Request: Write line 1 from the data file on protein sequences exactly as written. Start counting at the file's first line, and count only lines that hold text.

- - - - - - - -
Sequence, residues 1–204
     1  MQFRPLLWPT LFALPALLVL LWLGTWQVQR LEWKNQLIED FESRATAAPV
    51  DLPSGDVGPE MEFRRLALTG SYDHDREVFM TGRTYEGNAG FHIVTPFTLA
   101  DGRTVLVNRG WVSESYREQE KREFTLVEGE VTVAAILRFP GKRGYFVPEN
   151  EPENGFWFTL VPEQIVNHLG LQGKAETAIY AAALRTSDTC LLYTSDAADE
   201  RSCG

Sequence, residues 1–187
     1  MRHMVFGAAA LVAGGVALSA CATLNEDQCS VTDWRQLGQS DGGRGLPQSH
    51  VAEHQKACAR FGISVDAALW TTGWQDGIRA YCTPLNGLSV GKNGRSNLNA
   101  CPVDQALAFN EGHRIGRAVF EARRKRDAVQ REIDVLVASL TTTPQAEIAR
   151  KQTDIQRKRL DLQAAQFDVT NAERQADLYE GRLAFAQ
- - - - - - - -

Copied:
Sequence, residues 1–204